Back in civilization, we cleaned up and went to Capitán Tortuga for lunch – pizzas and beer! Then it was naptime (need I say again that the heat here is incredibly draining!). Juanita took off for an adventure of her own to have her hair done in Santa Elena via tuk-tuk! The hairdresser actually came to Flores via tuk-tuk to pick her up! All in all, tuk-tuks included, she spent less than $7. Can you beat that?
Our evening’s entertainment involved a bottle of wine and a boat ride on the lake at sunset. Sound nice? It was. Our boat driver was very informative and we really enjoyed the sightseeing around the lake. The water was very calm and the air out on the lake was cooler (note: not cool) and refreshing. The driver dropped us off mid-bridge and we walked to the Santa Elena side to try Pollo Campero (the local version of KFC – now in 28 countries!) I hate to say it, but it was one of the best meals we have had in Guatemala – the food here has not been very good (and I remember that from my first trip here too). We have had really good food, but always in very exclusive restaurants, ie Casa Santa Domingo and Meson Panza Verde in Antigua.
After Pollo Campero we walked back across the bridge to Flores, stopping in the middle to get ice cream from Sarita – purported to be great ice cream. It was! But it melted so fast in the heat, that we really had to eat it fast! Once again an early evening, Marshall and Juanita are leaving at 7:00 in the morning.
Wrung out and hung up to dry
Today it is so hot, that the residents of Flores are complaining! It is in the high 90s and it is impossible to even be outside! We try – we really do! Gerry and I got up to have breakfast and see Juanita and Marshall off to the airport. Our flight is this afternoon so we have the morning to kill.
Our original plan was to visit the zoológico on the other side of the lake, but Gerry is losing steam fast. We took a walk while it was still relatively cool, keeping to the shade, and then went to the internet café to see what is up with the kids. No news from Oscar still, so Gerry woke him up with a phone call. We need to get back in the AC, so I wrote in the journal and edited pictures for Facebook while Gerry snoozed.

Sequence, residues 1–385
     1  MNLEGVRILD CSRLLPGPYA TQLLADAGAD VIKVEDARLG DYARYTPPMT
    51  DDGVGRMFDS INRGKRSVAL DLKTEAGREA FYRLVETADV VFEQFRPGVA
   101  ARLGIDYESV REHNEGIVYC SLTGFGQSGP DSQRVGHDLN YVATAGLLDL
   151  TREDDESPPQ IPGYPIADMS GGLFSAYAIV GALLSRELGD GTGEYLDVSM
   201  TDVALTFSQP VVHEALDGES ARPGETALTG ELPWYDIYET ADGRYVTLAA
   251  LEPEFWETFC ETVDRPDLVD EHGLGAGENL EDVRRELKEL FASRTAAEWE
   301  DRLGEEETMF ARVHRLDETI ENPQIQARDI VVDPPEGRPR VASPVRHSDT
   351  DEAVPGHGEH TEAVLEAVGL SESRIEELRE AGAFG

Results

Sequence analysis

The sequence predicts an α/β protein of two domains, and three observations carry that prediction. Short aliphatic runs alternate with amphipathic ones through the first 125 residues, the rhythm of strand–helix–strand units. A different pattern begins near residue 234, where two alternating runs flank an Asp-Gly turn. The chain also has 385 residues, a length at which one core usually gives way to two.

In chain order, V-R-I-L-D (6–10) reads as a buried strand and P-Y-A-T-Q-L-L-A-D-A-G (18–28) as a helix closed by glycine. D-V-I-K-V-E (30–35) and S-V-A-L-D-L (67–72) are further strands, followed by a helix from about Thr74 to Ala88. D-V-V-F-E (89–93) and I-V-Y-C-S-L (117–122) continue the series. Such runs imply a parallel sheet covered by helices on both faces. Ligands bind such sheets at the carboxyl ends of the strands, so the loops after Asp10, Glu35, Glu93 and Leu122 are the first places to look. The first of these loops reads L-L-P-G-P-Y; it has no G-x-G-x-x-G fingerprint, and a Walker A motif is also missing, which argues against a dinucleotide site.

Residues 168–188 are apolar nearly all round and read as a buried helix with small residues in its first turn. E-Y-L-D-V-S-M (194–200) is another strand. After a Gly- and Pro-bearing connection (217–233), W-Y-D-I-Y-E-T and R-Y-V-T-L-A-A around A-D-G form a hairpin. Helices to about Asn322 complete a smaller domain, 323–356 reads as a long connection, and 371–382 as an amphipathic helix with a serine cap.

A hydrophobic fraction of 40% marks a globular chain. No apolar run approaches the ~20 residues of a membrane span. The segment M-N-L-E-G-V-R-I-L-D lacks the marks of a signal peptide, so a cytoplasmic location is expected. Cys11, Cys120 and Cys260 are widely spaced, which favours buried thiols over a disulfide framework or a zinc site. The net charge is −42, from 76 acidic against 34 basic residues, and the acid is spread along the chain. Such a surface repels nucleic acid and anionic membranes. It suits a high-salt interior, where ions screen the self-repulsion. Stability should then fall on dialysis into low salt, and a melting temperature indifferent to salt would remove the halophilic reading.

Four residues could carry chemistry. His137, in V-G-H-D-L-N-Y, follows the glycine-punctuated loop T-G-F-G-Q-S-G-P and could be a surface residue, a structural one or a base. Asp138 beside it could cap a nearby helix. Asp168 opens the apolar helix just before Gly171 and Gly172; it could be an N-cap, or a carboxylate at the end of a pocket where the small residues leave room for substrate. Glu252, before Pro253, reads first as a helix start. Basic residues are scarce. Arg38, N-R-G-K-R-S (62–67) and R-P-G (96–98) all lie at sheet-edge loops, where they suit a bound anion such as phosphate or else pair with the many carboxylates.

I got a little itchy to do something, and mistaking the time on my computer I woke Gerry up and we showered and dressed for the day. Once out on the street I realize it is only 10 and not 11! We’ve checked out of the hotel. My idea was a bit of last minute shopping and a leisurely lunch before our shuttle to the airport, but rather than 1 hour to kill we have 2. In retrospect, I should have pushed for the zoo!
We try, we really try, to do some shopping. We stay in the shade and stand, seemingly examine merchandise in front of store fans, but it is just too hot to live. We find a hotel (the one where the Petén Rotary meets) and sit down in the lobby restaurant for a long, and early lunch. Two of my favorite limonadas con soda later and a light lunch, we’re back out on the street. We buy the few things we need and then decide to go sit in the hotel lobby and wait for the shuttle. Just to prove there is a god who loves us, the young women at the hotel desk tells us that our room has not been cleaned yet and we can go back upstairs to the air conditioning for at 45 minutes!
Halleluja! You can’t imagine what good news that was! We napped – I tell you the heat had us so energy-less we could have napped on the floor of the lobby! And then, we relinquished the air conditioning, and went back down to the lobby. We thought we had died and gone to heaven when the shuttle came for us a half hour early and we boarded it (thankfully air conditioned) salivating over the prospect of waiting for the flight in the comfort of an air conditioned airport terminal. It wasn’t to be.
The airport in Flores is not air conditioned, and we joined the airport employees sweating on a bench in front of a fan that blew air over us, albeit hot air. Finally we boarded our flight (the plane is air conditioned –woohoo!) and fly back to cool Guatemala City – where everyone there is complaining about the heat, too! Yes, it was hot there too – for there – but it was still a relief from the heat of the lowlands! We cleaned up again and Sara’s drivers came to pick us up to take us to her house for dinner. Now it is cool, and I put on my long sleeves!